that is executed between two parties, and there can be no dispute that it must
be stamped as one single document. In the alternative structure, the same transfer
of property can be achieved through a scheme of arrangement, in which case the
transferor and transferee would be companies. A scheme of arrangement is also a
consensual arrangement that is initiated by the two companies involved in the transfer,
except that in this case the specific process prescribed under sections 391 to
394 of the Companies Act, 1956[2] must be followed, which
include obtaining the approval of the relevant classes of shareholder and
creditors as well as the sanction of the relevant High Courts. The import of
the judgment under discussion is that although a transfer by way of a private
contractual arrangement constitutes one “instrument” for purposes of stamp
duty, if the same transfer is achieved through a scheme of arrangement under
the Companies Act it could constitute two instruments for purpose of stamp duty,
neither of which is incidental to the other. If there are more companies
involved in a scheme of arrangement, then there would be as many instruments as
there are companies. This, to my mind, results in an unintended consequence.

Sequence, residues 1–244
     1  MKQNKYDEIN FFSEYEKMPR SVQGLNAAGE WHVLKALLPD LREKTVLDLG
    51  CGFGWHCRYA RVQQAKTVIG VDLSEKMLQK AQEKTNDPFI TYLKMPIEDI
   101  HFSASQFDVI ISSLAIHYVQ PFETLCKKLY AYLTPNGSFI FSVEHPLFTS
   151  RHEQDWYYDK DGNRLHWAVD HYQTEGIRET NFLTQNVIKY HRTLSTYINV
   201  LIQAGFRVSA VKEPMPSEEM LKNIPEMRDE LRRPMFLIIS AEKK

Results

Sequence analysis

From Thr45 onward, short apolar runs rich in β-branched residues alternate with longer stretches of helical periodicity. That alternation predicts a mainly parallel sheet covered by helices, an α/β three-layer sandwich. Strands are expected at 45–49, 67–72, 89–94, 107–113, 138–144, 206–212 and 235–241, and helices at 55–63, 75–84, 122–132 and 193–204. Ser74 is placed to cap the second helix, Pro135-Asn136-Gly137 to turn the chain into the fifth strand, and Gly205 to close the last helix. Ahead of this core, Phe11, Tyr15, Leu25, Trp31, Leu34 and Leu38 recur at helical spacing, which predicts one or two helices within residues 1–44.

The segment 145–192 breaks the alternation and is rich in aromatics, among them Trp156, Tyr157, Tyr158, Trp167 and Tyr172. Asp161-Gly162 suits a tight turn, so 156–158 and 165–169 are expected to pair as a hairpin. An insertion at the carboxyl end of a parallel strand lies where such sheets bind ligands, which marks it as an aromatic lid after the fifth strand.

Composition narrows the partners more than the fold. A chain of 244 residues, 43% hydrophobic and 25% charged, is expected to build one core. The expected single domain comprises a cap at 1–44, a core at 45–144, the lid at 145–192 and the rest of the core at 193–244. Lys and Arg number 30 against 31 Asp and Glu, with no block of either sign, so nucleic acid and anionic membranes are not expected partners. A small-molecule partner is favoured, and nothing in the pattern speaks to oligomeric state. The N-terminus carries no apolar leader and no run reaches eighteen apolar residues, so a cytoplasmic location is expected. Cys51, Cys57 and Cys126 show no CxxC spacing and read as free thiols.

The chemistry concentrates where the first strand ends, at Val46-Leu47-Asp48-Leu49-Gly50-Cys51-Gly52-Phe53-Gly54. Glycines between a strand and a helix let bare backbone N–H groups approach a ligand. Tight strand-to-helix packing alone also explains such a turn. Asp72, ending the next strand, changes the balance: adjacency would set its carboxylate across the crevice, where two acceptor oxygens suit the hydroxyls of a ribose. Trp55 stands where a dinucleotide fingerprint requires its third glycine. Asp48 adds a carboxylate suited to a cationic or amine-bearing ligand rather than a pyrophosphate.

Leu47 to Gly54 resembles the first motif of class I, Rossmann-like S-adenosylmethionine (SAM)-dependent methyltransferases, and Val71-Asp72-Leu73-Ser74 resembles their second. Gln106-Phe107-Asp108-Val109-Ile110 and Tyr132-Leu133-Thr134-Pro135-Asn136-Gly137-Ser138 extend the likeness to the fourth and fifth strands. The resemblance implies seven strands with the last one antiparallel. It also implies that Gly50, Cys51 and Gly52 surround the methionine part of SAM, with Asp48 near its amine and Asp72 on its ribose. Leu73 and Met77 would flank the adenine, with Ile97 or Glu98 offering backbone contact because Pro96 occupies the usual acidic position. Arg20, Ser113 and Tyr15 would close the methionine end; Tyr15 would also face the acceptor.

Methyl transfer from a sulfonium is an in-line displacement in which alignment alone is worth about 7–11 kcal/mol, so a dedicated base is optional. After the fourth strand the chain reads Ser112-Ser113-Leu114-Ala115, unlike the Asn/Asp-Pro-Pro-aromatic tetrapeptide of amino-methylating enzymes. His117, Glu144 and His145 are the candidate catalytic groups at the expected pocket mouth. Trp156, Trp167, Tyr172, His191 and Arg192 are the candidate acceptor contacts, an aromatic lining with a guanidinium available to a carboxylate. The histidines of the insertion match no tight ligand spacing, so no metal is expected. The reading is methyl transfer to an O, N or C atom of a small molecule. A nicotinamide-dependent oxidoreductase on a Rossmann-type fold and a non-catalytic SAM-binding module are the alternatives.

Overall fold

Second, moving further, if one were to consider
the disputes involved in the earlier cases discussed above, the question was
whether the order of a court in a scheme of arrangement would be a “conveyance”
for the purposes of charging stamp duty. While there was some initial
hesitation, the position now seems to be a resounding yes, not just from the
judiciary but also from the legislature in states such as Maharashtra and
Gujarat which have amended their stamp duty legislation to include orders of
the court as being “conveyance”. Hence, any doubt regarding the chargeability
of stamp duty on a court-based scheme has been removed. What the judgment under
discussion does is to extend this principle further to state that not only is
the order a “conveyance”, but that each order of a court involved in a scheme
of arrangement is chargeable to stamp duty. In other words, it extends the
earlier line of judgments that levy stamp duty by enhancing the magnitude of
payment of stamp duty. This it does so by means of its textual interpretation of
the Bombay Stamp Act.
Third, the